This study identifies emotional labor demands and coping strategies for special education teachers at two locations of a special education school. Emotional labor requires one to suppress or reduce feelings in order to meet the expectation of their job (Hochschild 2012 [1983]), and is made up of both job-focused and employee-focused emotional labor. Normalization, the institutionalized process of making the ordinary seem ordinary (Ashforth and Kreiner 2002), and routinization, a process by which abnormal procedures are rendered normal or mundane in the workplace (Chambliss 1996) are two major mechanisms for regulating emotional expression in the workplace that are applied in this case. The most significant emotional labor demands required of special education teachers in this research setting are addressing student behaviors and the expectation to remain neutral. Both institutionalized coping strategies and informal coping strategies contribute to teachers’ mechanisms for regulating their emotional expression in the workplace. Institutionalized strategies are taught through the organization’s training process and include “taking a minute” and calling for staff assistance. Informal coping strategies include making light of the situation and venting with other staff members. Both formal and informal strategies fit into aspects of normalization and routinization processes established in previous literature. These findings provide new information about emotional labor in this specific research area, and provide helpful information about challenges that teachers face that may contribute to staffing issues. Staffing shortages and retention are a major challenge facing this, and similar, schools, and this research helps identify areas for organizational growth to combat this issue in a feasible way.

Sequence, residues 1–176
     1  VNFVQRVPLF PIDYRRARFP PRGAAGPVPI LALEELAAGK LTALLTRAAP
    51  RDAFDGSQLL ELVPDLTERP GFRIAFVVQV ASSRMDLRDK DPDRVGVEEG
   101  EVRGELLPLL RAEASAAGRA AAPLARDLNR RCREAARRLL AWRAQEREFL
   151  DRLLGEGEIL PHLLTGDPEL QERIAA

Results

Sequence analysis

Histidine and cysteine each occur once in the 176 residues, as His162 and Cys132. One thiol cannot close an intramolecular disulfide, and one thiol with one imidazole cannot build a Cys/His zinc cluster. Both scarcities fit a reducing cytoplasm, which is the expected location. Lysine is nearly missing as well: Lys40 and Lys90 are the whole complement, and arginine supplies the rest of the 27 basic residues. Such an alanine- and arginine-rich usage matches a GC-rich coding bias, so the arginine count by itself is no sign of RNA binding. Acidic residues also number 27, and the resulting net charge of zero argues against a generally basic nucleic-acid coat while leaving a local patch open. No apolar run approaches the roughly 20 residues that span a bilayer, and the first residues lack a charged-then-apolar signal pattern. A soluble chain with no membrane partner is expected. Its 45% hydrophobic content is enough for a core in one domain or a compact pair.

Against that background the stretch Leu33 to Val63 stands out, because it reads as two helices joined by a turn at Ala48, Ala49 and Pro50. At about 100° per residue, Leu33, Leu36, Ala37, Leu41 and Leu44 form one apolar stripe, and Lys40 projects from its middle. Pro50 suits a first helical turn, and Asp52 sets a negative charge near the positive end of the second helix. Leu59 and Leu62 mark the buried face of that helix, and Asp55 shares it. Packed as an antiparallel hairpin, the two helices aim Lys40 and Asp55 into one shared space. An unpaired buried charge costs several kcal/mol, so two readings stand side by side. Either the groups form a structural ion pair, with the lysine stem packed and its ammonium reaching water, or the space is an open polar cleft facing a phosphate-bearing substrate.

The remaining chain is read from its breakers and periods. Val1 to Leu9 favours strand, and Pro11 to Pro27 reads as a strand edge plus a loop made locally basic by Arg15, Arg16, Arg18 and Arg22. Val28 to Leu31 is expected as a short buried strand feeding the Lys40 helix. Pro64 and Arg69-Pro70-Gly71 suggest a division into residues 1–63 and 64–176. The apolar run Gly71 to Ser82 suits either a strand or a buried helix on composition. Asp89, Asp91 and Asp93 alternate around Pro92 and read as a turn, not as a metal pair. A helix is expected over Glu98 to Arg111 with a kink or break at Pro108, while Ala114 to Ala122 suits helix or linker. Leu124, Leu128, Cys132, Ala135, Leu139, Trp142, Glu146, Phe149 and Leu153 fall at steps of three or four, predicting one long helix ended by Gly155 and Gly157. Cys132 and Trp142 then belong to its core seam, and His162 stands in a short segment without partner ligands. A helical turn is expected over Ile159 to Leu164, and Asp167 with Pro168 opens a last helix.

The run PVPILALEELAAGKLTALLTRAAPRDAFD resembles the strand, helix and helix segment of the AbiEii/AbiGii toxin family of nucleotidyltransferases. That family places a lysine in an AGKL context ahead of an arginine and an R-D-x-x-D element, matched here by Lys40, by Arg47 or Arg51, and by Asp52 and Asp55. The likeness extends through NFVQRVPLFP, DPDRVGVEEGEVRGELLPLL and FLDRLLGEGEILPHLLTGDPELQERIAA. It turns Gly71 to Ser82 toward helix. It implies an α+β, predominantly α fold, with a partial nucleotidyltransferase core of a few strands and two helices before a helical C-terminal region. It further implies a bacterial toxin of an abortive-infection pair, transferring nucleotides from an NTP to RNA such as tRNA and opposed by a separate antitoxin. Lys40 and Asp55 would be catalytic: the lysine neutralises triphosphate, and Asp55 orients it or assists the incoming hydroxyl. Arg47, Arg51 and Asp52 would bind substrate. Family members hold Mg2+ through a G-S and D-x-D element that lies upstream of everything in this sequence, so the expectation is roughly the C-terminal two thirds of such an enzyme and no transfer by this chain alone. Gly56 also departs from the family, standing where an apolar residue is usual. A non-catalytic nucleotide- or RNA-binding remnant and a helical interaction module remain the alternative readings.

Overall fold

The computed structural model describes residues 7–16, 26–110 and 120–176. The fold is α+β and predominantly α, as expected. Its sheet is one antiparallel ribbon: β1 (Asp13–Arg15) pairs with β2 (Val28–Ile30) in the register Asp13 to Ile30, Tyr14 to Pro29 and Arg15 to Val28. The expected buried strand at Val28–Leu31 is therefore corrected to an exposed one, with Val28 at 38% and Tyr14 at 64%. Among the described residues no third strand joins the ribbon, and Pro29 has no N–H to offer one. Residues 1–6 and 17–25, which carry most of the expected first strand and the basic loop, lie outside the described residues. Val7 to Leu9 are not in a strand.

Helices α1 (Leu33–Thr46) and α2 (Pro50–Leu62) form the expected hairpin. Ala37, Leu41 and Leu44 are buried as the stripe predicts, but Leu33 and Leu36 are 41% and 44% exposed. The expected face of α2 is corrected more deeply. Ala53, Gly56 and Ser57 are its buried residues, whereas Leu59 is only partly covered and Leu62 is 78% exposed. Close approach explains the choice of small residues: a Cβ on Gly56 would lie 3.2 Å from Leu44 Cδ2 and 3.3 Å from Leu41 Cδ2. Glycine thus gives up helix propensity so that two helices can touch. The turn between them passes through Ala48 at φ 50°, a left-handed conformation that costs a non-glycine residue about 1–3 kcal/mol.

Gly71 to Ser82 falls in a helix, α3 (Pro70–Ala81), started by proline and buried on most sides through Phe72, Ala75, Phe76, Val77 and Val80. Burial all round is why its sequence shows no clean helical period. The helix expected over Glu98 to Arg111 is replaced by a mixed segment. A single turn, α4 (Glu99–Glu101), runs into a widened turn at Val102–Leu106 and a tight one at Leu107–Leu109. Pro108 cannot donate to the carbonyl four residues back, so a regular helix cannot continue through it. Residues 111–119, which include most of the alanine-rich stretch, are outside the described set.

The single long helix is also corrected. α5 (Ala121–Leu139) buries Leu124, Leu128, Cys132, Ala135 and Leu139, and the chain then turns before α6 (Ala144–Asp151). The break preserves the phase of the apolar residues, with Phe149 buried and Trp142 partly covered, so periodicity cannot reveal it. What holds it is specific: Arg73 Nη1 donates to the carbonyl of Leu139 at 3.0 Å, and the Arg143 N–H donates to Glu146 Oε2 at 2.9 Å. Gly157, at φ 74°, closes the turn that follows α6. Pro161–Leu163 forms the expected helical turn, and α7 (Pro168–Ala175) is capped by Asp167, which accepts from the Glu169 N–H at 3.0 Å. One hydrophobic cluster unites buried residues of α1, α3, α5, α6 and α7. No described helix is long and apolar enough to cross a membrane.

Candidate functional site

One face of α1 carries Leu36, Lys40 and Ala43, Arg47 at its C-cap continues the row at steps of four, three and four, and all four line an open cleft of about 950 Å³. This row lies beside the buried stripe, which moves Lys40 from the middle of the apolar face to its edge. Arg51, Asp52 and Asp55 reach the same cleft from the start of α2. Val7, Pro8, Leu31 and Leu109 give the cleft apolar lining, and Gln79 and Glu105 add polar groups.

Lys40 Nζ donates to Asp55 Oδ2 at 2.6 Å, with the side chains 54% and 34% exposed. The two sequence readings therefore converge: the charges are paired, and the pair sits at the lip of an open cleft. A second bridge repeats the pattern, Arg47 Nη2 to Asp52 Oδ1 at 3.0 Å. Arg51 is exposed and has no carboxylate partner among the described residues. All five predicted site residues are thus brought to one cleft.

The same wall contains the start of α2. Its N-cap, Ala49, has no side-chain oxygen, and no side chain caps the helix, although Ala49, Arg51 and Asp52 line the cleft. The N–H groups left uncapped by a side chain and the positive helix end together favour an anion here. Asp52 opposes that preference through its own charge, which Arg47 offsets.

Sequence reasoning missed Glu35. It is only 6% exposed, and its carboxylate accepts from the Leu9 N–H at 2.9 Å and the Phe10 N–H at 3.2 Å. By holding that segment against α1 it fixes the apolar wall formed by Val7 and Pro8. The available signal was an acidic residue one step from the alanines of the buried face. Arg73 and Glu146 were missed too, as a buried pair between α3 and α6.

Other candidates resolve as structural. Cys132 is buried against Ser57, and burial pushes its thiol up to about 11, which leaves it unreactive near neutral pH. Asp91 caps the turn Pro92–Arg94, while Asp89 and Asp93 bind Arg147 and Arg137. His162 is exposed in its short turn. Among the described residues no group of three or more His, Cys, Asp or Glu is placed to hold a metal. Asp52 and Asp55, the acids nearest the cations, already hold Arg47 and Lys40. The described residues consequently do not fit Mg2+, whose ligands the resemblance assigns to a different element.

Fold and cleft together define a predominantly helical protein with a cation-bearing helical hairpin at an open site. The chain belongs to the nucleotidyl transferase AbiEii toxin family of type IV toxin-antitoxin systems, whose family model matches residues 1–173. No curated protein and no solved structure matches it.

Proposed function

Type of Work

Thesis - Limited Access

Department or Program



Hamilton College


Bachelor of Arts

Date of Graduation


Faculty Advisor

Matthew Grace

Creative Commons License

Creative Commons License
This work is licensed under a Creative Commons Attribution-Noncommercial-No Derivative Works 4.0 License.